1. Know thyself
The most fundamental skill of EQ is self-awareness but even the most observant of leaders have their blind spots. Called ‘CEO’s Disease’, those in charge find feedback rare or airbrushed for palatability when it’s given, so their view of themselves is often at odds with reality.
Tackle this by inviting and giving constructive feedback regularly. Once your team see that it’s a two-way street and you actively work to resolve any issues, they will start to be more forthcoming. No matter how tough the feedback is, be grateful that someone’s been brave enough to let you know. Because what you don’t know, can most definitely hurt you.
2. Get in touch with your feelings
Being able to manage your emotions makes you more resilient to life’s ups and downs but to do this you need to accurately identify them in yourself. There are just eight basic emotions (trust, anger, anticipation, disgust, joy, fear, sadness and surprise) but hundreds of feelings that are made up of a blend of these (like mixing paint colours). The better you get at recognising the exact hue of your feelings, the better you’ll get at managing them.
Next time that you’re feeling ‘stressed’, work out precisely what you’re feeling: is it anger, anxiety, frustration or maybe confusion? Once you know what it is, you’ll be better equipped to figure out what’s caused it and therefore how to manage it and move on.
Becoming alert to the impact you have on others is one of the greatest responsibilities you have. After all, the meaning of your communication is its effect
3. Understand the impact of your words and deeds
Unfortunately, it doesn’t matter if you ‘didn’t mean it like that’, it matters what the recipient thinks you meant. If what you say or do is misconstrued, then it’s up to you to address it.
Before going into meetings or having difficult conversations, take a moment to consider precisely what you want your audience to think and feel and the best way to convey that. When a conversation goes awry, reflect on what you said or did that might have influenced how it went.
Becoming alert to the impact you have on others is one of the greatest responsibilities you have. After all, the meaning of your communication is its effect.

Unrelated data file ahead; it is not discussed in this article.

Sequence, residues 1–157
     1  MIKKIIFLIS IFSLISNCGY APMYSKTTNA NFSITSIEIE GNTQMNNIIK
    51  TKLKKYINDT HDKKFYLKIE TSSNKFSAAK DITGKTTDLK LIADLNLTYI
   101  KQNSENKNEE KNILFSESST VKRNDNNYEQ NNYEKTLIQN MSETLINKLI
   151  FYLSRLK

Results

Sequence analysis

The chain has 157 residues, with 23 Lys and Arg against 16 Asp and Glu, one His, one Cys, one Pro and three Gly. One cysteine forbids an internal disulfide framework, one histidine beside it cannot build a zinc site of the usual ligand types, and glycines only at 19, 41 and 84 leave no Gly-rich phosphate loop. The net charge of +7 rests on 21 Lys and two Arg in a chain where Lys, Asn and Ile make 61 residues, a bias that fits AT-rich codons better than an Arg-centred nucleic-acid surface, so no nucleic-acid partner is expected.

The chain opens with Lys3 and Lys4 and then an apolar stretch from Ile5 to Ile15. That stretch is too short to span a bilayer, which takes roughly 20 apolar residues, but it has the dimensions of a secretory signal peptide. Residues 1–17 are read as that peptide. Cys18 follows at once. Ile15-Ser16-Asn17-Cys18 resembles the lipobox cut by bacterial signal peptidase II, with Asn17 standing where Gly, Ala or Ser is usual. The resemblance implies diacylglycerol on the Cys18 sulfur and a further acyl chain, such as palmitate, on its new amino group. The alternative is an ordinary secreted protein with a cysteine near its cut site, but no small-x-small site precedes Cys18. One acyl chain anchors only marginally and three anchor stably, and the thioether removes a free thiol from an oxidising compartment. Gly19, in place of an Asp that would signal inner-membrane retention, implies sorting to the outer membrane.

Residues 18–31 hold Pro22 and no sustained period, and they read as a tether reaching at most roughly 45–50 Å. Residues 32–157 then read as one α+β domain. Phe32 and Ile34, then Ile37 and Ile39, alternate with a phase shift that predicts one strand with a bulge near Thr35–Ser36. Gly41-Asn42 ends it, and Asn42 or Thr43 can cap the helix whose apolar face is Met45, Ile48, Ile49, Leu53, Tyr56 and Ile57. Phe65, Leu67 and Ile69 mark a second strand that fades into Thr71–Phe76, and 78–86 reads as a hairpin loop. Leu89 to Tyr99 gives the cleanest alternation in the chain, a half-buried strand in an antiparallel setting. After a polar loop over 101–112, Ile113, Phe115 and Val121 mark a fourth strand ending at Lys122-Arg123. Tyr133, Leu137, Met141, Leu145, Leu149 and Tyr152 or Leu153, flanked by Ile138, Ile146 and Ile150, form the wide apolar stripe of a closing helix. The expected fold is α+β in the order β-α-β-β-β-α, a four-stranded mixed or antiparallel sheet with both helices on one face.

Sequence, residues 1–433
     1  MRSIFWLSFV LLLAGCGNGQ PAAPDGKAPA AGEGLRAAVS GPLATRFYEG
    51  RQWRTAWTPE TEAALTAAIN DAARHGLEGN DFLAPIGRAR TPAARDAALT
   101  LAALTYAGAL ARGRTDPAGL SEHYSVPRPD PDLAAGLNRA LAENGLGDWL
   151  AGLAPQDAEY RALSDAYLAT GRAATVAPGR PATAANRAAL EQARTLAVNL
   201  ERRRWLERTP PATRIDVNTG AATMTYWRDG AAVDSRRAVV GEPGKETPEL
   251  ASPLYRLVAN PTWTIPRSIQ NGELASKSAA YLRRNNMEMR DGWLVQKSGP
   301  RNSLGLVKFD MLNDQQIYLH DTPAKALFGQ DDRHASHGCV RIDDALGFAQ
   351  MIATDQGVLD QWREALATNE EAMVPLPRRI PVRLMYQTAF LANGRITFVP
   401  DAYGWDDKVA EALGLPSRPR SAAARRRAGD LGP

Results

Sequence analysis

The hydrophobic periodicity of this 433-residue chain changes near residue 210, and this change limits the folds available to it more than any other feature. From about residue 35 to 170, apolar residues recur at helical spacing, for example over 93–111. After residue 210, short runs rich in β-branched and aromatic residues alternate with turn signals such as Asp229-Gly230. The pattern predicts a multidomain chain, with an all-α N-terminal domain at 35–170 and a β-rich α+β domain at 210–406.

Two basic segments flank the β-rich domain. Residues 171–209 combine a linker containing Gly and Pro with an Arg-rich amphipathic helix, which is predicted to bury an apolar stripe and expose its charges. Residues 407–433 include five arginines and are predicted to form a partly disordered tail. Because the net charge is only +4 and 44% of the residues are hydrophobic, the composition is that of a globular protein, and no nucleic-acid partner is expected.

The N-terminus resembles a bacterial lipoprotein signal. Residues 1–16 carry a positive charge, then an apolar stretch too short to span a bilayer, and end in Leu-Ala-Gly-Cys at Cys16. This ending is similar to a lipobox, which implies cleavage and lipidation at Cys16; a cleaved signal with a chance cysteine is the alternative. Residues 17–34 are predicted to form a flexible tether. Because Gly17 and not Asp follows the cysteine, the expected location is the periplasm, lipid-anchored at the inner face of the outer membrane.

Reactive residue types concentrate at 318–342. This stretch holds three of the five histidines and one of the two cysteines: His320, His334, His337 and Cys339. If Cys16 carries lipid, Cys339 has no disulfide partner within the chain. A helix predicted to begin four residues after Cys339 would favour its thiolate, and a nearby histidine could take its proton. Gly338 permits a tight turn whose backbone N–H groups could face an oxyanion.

4. Own your emotions
Any person capable of angering you becomes your master.
Emotions come from within, so it’s your choice how you respond in any situation. No one can make you angry or anxious because they don’t control your emotions, you do. Taking responsibility for your emotions doesn’t mean never showing your feelings, nor does it mean you’re always the life and soul. It means working out why you react the way you do in certain situations and learning to sidestep unhelpful triggers, before your emotions get the better of you. After all, if you’re not in control of your emotions, they will most certainly be in control you.
5. Show you care
Engage your team by being interested in them as people and make them feel that what they do matters. Studies show that 7/10 people are more motivated by recognition than money, so taking the time to talk to them, to praise their work and to really listen to their ideas, pays dividends in engagement and loyalty. As the saying goes, ‘people leave managers, not companies’ and usually for emotional, not financial, reasons.
Unfortunately, there’s no quick fix for developing EQ. However, by practicing strategies, like the above, you can start to harness your own and others’ emotions to powerful effect. And it’s worth the effort, as learning to navigate the emotional landscape of being in charge may not only boost the cultural health and success of your business, but mastering your emotions means you can be master of your own destiny too.
The little emotions are the great captains of our lives – we obey them without realising it.
– Vincent van Gogh
Tanya Livesey is a Leadership Coach to leaders of high profile creative businesses and Global Head of Creative Talent for The Talent Business, the world leader in executive search for creative businesses, advising some of the industry’s most celebrated CCOs and ECDs on their career strategy